San Francisco officials ask home-sharing companies for cooperation in spotting illegal rentals.
After a failed ballot measure to crack down on illegal Airbnb rentals, San Francisco is now trying a different approaching: asking very nicely.
On Thursday, San Francisco officials sent a letter to a handful of home-rental companies, including Airbnb, Homeaway/VRBO (owned by Expedia), Craigslist, and Flipkey to plead for help in policing the problem, according to a San Francisco Chronicle report.
The request followed a November ballot measure that would have imposed stricter limits on short-term rentals in San Francisco. But it failed to pass, much to the relief of the companies targeted including Airbnb, which spent more than $8 million fighting the proposition.
San Francisco’s rule for short-term rentals are unchanged since officials last revised the city’s policy in July. Critics of short-terms rentals argue that, as is, the policies fail to prevent illegal hotels and that the city isn’t effectively enforcing the regulations.
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“As the first hosting platform to remit hotel taxes on behalf of our hosts, more than 92% of whom share only their primary home, we will continue to work with The City to ensure this new law works and middle class San Franciscans are able to share their homes,” an Airbnb spokeswoman told Fortune when reached for comment.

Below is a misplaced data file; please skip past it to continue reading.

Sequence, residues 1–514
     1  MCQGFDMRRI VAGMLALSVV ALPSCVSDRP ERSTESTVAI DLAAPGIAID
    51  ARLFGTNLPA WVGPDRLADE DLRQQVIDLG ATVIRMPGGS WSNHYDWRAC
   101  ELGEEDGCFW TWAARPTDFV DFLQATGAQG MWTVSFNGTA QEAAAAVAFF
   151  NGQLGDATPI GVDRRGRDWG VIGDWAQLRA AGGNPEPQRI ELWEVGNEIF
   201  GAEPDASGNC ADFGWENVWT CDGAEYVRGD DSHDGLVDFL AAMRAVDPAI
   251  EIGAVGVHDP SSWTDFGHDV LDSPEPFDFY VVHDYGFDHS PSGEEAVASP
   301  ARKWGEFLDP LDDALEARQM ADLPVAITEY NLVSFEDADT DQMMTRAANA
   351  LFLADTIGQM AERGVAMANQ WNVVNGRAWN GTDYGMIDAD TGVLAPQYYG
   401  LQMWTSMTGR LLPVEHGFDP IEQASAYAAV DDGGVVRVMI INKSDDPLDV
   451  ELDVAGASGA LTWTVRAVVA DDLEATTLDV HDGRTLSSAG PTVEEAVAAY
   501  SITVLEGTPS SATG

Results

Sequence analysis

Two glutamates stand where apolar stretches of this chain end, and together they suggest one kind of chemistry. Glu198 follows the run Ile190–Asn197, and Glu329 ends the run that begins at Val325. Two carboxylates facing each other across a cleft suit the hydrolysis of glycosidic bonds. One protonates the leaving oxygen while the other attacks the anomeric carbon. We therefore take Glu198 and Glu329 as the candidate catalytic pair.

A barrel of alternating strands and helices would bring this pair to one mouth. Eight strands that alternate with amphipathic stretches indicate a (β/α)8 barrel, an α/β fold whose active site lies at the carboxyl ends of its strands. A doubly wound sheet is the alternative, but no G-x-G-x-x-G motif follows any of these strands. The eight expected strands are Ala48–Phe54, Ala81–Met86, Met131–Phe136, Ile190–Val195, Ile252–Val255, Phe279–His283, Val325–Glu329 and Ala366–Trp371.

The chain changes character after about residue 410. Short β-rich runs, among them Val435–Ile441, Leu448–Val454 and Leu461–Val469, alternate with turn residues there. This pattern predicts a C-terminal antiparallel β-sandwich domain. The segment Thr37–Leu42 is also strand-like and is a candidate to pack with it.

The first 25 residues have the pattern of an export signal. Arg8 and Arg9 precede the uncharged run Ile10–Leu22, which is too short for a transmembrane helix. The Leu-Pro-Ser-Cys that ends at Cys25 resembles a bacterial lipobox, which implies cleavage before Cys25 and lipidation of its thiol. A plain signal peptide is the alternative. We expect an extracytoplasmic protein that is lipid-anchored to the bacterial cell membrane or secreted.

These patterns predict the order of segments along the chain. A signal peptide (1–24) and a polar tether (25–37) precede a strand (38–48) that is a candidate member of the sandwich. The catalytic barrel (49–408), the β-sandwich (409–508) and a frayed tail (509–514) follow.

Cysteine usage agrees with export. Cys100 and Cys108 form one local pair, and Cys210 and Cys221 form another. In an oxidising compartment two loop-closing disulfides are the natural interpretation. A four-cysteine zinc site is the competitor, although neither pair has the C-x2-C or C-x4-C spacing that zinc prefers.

Although Airbnb works with the city’s tax office to ensure that hosts are paying taxes, the data doesn’t make it to officials in other agencies, making it more difficult to police illegal rentals. Airbnb also doesn’t require hosts to show their registration number, which hosts get by disclosing their rentals to the city.
San Francisco officials are frustrated by what they consider to be a lack of cooperation that makes it more difficult to enforce its rules for short-term rentals. They’re hoping that an appeal to home rental companies will yield some results.
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But for companies like Airbnb, complying isn’t entirely in their best interest. Providing customer data to the city could make hosts feel like their privacy has been compromised or that those who use their services risk being reported to the city.
There are also financial and business repercussions: forcing hosts to register with the city would mean slower growth because of the added steps required. Also, it risks alienating the most lucrative customers— hosts with more than one listing. They bring in the more revenue but are also flouting the rules. Hosts are only supposed to rent homes that are their primary residence.